In what is becoming an increasingly public negotiation over the fate of an American journalist, the mother of Steven J. Sotloff, who is being held by the militant group Islamic State, released a video Wednesday pleading for his release.
Shirley Sotloff, a Miami-area teacher, appears in a professionally produced video and speaks directly to Abu Bakr Baghdadi, the self-appointed caliph of the Islamic State of Iraq and Syria.
"As a mother I ask your justice to be merciful and not punish my son for matters he has no control over," she says. "I ask you to use your authority to spare his life and to follow the example set by the prophet Mohammed who protected people of the book."
Steven Sotloff, 31, who once attended the University of Central Florida, was captured more than a year ago in Syria. He appeared at the end of a video released last week by ISIS that showed the execution of another American journalist, James Foley. In the video, a black-hooded militant forces Sotloff to kneel, grabs his collar and declares, "The life of this American citizen, Obama, depends on your next decision."
Authorities are trying to track down the man in the video, who they say has an accent that indicates he is from London.
There had been a news blackout on Sotloff, who freelanced for Time and Foreign Policy magazines, but the video released last week initiated a flurry of interest in his case.
Several U.S. officials, including U.S. Rep. Ileana Ros-Lehtinen, R-Miami, say they have been working behind the scenes to find out more about Steven Sotloff and try to secure his release.
"This is a tragic situation and we have seen that (ISIS) has no respect for human life," Ros-Lehtinen said.
At the White House, spokesman Josh Earnest told reporters he did not know whether President Barack Obama had seen Shirley Sotloff's video, but he said the administration is "deeply engaged" in trying to gain release of all Americans held hostage in the Middle East.
"She obviously, as is evident from the video, feels desperate about the safety and well-being of her son, and understandably so, and that is why our thoughts and prayers are with Mr. Sotloff's family at this very difficult and trying time."
With the new video, Shirley Sotloff used the same medium as his captors to communicate.
"I want what every mother wants: to live to see her children's children," she says. "I plead with you to grant me this."
Video is one of the many methods that families and terrorist groups have used to communicate with each other and with the rest of the world, at times going around official government channels.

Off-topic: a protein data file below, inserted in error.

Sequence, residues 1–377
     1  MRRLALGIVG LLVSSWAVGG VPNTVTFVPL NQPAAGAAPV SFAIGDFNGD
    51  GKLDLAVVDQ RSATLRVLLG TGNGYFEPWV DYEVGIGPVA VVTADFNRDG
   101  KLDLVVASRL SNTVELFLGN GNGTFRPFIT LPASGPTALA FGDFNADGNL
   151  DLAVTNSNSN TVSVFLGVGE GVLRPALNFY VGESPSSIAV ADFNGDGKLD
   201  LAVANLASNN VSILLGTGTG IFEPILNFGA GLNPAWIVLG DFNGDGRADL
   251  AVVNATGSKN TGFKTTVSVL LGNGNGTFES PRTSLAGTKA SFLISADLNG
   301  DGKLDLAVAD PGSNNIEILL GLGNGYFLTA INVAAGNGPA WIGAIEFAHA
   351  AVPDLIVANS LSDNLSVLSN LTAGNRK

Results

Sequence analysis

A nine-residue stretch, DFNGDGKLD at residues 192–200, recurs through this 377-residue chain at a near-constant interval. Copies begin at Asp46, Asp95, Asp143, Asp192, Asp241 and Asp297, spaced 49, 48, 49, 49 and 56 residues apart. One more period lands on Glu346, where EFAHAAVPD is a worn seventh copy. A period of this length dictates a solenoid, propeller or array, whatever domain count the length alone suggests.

This week, according to the Guardian newspaper, ISIS started its own hashtag on Twitter, #StevensHeadinObamasHands, to draw attention to the fact that it still holds Sotloff and has threatened to kill him unless Obama stops airstrikes against ISIS targets.
Shirley Sotloff's video was provided to the New York Times by lawyers for the family, said Bruce Headlam, managing editor for video with the news company. The publication verified that the Arabic subtitles were accurate and edited some slides into the video to provide context to what Sotloff was saying.
The video also appeared on the Al Arabiya television network.
Information from the New York Times and Associated Press was used in this report.
I am Shirley Sotloff. My son Steven is in your hands.
Shirley Sotloff used video — the same medium used by his captors — to communicate. It was widely retweeted by ISIS supporters with her face blurred because their ultraconservative interpretation of Islam doesn't allow a woman's face to be shown.
I am sending this message to you, Abu Bakr al-Baghdadi al-Quraishi al-Hussaini, the caliph of the Islamic State.
Baghdadi's claim to authority has not been recognized by most Muslims. In addressing him as caliph of the Muslim world, Sotloff's appeal is almost certainly the first time a non-Muslim has acknowledged his authority.
As a mother, I ask your justice to be merciful and not punish my son for matters he has no control over.
She says that she has learned that Islam teaches that "no individual should be held responsible for the sins of others." Her appeal humanizes her son and creates pressure on Baghdadi, said Daveed Gartenstein-Ross, an expert in terror groups.